Midway through President Trump’s turbulent first year in office, he went to the Pentagon for a briefing with Defense Secretary James Mattis and Secretary of State Rex Tillerson. The two cabinet members had planned to “educate the president” about the importance of staying loyal to America’s partners and allies at a time when Trump was disparaging NATO. But the meeting quickly went off the rails, Guy M. Snodgrass, Mattis’s chief speechwriter, recalls in “Holding the Line: Inside Trump’s Pentagon With Secretary Mattis.” A bored and distracted Trump, scowling with his arms crossed, dismissed what he was being told, declared that America’s allies were ripping it off, meandered into asking whether they had seen the French president’s aggressive handshake and then free-associated into his enthusiasm for France’s Bastille Day military parade — demanding a “Victory Day” parade of his own, with tanks rolling through Washington.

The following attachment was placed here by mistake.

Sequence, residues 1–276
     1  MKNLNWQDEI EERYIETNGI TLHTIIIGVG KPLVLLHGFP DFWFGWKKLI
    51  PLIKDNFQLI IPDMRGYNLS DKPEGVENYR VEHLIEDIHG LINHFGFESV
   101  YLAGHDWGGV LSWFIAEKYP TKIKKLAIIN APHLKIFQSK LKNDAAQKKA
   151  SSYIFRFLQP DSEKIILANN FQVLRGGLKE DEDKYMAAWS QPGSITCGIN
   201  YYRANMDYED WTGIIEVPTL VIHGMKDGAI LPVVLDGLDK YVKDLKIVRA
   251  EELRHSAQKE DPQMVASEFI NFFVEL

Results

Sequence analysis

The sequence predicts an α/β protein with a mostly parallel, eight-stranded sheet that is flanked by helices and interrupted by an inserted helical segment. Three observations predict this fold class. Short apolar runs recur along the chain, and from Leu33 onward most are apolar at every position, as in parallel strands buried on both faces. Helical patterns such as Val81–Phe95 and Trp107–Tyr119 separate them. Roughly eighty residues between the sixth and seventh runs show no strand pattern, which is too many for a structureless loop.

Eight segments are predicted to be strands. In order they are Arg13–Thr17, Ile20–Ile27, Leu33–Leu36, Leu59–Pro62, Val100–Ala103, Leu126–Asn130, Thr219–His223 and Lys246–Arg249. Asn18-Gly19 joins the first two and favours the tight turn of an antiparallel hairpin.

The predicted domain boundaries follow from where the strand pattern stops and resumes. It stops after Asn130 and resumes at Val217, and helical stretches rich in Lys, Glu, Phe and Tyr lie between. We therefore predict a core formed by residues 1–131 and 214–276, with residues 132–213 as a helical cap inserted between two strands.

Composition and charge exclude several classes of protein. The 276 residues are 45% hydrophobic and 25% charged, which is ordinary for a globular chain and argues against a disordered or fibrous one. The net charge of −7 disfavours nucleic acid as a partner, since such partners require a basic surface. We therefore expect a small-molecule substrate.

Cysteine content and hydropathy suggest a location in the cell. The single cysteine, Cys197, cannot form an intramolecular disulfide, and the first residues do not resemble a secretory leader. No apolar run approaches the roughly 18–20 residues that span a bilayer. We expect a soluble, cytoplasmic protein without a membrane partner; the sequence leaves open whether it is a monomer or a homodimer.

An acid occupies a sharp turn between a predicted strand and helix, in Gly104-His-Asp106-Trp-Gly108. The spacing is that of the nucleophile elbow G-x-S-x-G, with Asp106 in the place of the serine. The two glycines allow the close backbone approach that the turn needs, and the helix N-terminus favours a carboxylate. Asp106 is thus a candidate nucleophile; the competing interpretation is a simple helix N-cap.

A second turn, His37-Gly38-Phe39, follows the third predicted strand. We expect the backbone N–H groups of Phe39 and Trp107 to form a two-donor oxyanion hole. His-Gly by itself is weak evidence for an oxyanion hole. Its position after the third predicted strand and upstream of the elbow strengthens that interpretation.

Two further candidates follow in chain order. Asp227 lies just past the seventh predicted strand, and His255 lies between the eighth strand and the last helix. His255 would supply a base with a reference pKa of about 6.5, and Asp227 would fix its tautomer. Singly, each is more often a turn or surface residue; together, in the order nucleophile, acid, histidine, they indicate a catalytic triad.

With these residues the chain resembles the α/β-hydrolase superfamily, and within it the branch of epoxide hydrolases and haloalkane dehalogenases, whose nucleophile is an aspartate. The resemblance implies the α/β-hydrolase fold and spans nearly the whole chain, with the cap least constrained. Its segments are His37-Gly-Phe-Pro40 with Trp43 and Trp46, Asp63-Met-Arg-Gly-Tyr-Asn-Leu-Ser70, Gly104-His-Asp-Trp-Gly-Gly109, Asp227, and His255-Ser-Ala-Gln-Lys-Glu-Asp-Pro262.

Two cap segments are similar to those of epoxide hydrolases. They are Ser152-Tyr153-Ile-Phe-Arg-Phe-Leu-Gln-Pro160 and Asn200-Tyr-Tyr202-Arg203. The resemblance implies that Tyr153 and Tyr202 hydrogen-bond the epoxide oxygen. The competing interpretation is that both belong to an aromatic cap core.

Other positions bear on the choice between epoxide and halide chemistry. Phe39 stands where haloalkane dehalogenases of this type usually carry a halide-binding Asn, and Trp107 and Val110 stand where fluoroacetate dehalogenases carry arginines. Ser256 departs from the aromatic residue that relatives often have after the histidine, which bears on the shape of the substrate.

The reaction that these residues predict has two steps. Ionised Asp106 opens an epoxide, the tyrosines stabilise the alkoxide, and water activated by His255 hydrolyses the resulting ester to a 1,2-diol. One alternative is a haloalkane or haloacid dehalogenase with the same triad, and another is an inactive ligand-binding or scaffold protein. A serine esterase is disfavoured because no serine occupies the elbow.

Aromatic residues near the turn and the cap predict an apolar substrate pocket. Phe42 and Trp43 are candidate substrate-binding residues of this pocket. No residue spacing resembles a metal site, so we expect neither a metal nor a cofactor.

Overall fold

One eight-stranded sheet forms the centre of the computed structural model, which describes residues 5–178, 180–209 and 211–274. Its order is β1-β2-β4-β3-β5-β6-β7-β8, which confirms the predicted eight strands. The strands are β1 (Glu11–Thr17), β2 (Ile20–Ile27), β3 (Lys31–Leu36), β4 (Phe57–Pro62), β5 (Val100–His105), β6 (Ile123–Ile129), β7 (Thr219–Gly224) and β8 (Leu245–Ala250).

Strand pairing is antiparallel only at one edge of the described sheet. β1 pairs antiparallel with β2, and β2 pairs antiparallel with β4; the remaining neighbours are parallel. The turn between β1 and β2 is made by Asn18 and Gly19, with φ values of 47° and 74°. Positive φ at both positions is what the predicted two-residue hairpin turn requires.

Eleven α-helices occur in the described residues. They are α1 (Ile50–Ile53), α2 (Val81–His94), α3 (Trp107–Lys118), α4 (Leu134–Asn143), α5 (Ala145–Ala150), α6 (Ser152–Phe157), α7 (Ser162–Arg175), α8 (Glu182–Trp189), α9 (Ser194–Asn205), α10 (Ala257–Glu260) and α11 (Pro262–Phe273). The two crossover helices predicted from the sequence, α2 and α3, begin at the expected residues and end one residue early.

“Both men — Mattis and Tillerson — were despondent,” Snodgrass writes. “We had just witnessed a meeting with Trump, up close and personal. Now we knew why access was controlled so tightly. For the remainder of the meeting, President Trump veered from topic to topic like a squirrel caught in traffic, dashing one way and then another.”